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2.3 Defence budget

Following standard convention in the Indian defence economics/accounting literature (especially by the IDSA Defence Economics and Industry Centre),
Note that this does not include defence pensions and MoD Miscellaneous estimates. Adding these two to the defence budget estimate gives us the total MoD allocations estimates.
Finally, RE of a given year K often varies with actual expenditure of that year (which is reported in the budget of year K+1). For reasons explained in the text, I have considered RE and not actual expenditure.

2.4 Estimating import content

I estimated the import content of the modernisation/capital acquisition budget in the following way:

1. For 2000-01, 2006-07, 2007-08, 2008-09, and 2009-10, I took the numbers from IDSA monograph Indian Defence Industry: Issues of Self Reliance (p. 49) [https://idsa.in/system/files/monograph21.pdf]. 2. From 2010-11 to 2014-15, I computed the import content from data presented in the ThirtyFirst Report on ''Demands for Grants of the Ministry of Defence for the year 2017-18 on Capital Outlay on Defence Services, Procurement Policy and Defence Planning (Demand No. 21) of the Parliamentary Standing on Defence [http://164.100.47.194/Loksabha/Committee/CommitteeInformation.aspx?comm_code=7 &tab=1]. 3. I averaged over these 10 observations (from (1) and (2)) to obtain an import content ratio for the 1999-2000 to 2018-19. Numerically, it is around 38.5% of the modernisation budget. Therefore the indigenous content of the modernisation budget is (100 - 38.5)% = 61.5%.

Defence Budget Estimate of Year K = Capital Expenditure Estimate (= Capital Outlay Grand Total) of Year K + Revenue Expenditure Estimate (= Revenue Outlay Grand Total) of Year K, Revenue Expenditure Estimate of Year K = Total Armed Forces Revenue Expenditure Estimate of Year K + DRDO/R&D Revenue Expenditure Estimate of Year K + Ordnance Factories Revenue Expenditure Estimate of Year K

All numbers in the text are Revised Estimates (RE) and not Budget Estimates (BE)

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3. Comments on specific graphs 1. Defence Budget as % of GDP This is simply the ratio of defence budget of year K and the nominal GDP of year K expressed as a percentage. 2. Revenue/Capital ratio This was simply the ratio of revenue to capital expenditure estimates, in nominal terms. (Reminder: the sum of the two forms the defence budget.) 3. Indian Army's Pay & Allowances and Pensions in 2011-12 rupees (in INR crores) 1. Indian Army (IA) Pay & Allowances (P&A) and Pensions (all in nominal terms) = IA Pension + IA P&A + IA Auxiliary P&A + IA Civilian P&A (all in nominal terms). Note that Rashtriya Rifles was not accounted for in this graph (which is subject of an individual graph of its own in the text). 2. The sum in (1) was adjusted to real terms using the GDP deflator according to the method described in section 1.2 of this Appendix. 4. Rashtriya Rifles Expenditure in 2011-12 rupees (in INR crores) 1. Rashtriya Rifles Expenditure estimate (nominal) = Rashtriya Rifles Capital Expenditure + Rashtriya Rifles Revenue Expenditure (all nominal). 2. (1) was adjusted to real terms using the method described in section 1.2 of this Appendix to give me the graph. 5. Indian Army's Revenue for Purchase of Ammunition in 2011-12 rupees (in INR crores) 1. This graph relies on a major assumption: that 55% of Indian Army Stores revenue allocation is for buying ammunition. This estimate was provided to me by a defence economist with significant work experience in the Ministry of Defence (details withheld to protect identity). 2. I obtained Indian Army's revenue for purchase of ammunition in nominal terms by multiplying the revenue allocation for Indian Army stores by 0.55. 3. The series in (2) was converted to real terms using the GDP deflator according to the method described in section 1.2 of this Appendix. 6. Air Force Modernisation Budget vs. Army Pensions (in INR crores) 1. Air force modernisation budget = IAF Aircraft and Aeroengine + IAF Heavy and Medium Vehicles + IAF Other Equipment. I reported nominal numbers. 2. Indian Army pensions were also taken at their nominal values. 7. Defence Modernisation's Share of Defence Budget (in %)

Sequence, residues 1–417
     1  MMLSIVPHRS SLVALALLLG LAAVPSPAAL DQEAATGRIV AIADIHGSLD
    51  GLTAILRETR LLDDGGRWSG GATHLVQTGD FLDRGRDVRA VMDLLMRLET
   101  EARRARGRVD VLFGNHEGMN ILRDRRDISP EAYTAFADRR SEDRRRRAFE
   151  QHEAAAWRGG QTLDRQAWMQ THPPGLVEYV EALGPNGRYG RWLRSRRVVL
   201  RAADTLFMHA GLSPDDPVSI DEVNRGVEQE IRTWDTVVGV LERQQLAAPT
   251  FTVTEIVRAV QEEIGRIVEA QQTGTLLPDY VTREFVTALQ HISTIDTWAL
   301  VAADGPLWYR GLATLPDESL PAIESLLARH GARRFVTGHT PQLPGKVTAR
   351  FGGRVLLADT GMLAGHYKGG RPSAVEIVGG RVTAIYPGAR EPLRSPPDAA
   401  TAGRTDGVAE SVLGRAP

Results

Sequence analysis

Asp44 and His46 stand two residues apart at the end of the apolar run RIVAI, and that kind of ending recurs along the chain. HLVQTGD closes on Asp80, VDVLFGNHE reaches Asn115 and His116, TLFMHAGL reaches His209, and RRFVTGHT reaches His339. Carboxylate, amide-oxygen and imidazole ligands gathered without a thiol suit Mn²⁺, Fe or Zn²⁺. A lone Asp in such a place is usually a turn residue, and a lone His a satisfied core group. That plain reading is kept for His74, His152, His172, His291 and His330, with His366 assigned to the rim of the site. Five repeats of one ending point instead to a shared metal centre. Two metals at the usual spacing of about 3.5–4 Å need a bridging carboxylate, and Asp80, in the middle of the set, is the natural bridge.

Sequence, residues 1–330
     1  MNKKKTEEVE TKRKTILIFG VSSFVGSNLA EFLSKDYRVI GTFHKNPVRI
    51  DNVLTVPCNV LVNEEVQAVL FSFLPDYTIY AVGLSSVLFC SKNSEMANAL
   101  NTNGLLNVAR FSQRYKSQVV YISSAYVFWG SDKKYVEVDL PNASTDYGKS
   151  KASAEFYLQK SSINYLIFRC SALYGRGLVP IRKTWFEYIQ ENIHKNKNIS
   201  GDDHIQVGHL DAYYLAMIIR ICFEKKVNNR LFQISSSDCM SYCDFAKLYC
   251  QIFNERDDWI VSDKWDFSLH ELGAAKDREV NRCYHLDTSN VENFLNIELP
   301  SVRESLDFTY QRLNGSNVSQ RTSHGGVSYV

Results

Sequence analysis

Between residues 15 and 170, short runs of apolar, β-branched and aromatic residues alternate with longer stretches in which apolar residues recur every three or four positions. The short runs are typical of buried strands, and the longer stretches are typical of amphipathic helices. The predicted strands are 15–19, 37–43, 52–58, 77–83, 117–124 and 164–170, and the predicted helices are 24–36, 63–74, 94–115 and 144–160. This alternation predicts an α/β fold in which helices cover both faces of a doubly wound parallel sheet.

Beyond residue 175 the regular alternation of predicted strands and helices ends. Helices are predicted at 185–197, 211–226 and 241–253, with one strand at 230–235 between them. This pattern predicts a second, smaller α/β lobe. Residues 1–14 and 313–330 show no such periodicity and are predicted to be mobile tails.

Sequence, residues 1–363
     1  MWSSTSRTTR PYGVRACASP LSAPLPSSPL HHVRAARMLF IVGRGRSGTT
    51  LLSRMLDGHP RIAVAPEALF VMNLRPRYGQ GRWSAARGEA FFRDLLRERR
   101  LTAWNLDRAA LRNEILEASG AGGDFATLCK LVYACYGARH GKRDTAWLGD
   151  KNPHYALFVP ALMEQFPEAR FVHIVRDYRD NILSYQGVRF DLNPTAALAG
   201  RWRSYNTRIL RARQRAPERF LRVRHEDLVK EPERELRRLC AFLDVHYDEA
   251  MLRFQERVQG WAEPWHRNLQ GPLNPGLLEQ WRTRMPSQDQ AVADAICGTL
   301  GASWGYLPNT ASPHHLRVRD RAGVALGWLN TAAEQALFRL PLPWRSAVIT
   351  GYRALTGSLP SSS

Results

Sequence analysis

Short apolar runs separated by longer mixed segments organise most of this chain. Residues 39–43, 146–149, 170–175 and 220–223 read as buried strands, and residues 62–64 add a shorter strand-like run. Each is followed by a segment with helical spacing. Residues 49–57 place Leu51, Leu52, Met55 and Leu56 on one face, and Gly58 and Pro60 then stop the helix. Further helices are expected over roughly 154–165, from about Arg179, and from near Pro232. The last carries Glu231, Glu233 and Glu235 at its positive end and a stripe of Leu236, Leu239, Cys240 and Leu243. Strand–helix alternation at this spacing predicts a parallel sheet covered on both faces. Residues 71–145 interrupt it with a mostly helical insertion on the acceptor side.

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1. Defence modernisation budget (nominal) = (IA Aircraft and Aeroengine + IA Heavy and Medium Vehicles + IA Other Equipment + IA Rolling Stock) + (IN Aircraft and Aeroengine + IN Heavy and Medium Vehicles + IN Other Equipment + IN Joint Staff Capital + Naval Fleet + Naval Dockyard) + (IAF Aircraft and Aeroengine + IAF Heavy and Medium Vehicles + IAF Other Equipment) (all nominal). I have not included Rashtriya Rifles capital budget (which, in any case, is miniscule compared to the total modernisation budget ~ 0.16%, in 2017-18). 2. Defence budget estimate (nominal) = revenue expenditure estimate + capital expenditure estimate (nominal) (not including defence pensions and MoD miscellaneous). 3. The ratios of (1) and (2) expressed in % gave me the graph. 8. YoY Change in Indigenous and Foreign Component of Modernisation Budget (in %) 1. The nominal modernisation budget was the sum described above. 2. This was split into two components – foreign and indigenous – in a 38.5/61.5 ratio. (See section 2.4 of this Appendix for the rationale.) 3. The nominal indigenous component thus obtained was adjusted to real terms using the method described in section 1.2 of this Appendix. 4. The nominal foreign component was adjusted to USD billion by dividing the nominal foreign component by the annual USD/INR reference rate (see section 1.3 of this Appendix for more on this). 5. I computed the YoY (year-on-year) change for (3) and (4) in the usual way. 9. DRDO Budget in 2011-12 rupees (in INR crores) This was the DRDO nominal budget adjusted by the GDP deflator according to the method described in section 1.2 of this Appendix. 10. Navy’s Share of the Defence Budget (in %) 1. Navy’s budget (nominal) = (IN Aircraft and Aeroengine + IN Heavy and Medium Vehicles + IN Other Equipment + IN Joint Staff + Naval Fleet + Naval Dockyard) + (IN P&A + IN Civilian P&A) + (IN Repair and Refits + IN Stores + IN Works + IN Joint Staff Revenue) (all in nominal terms). 2. The ratios of this to the defence budget (nominal) expressed in % gave me the graph.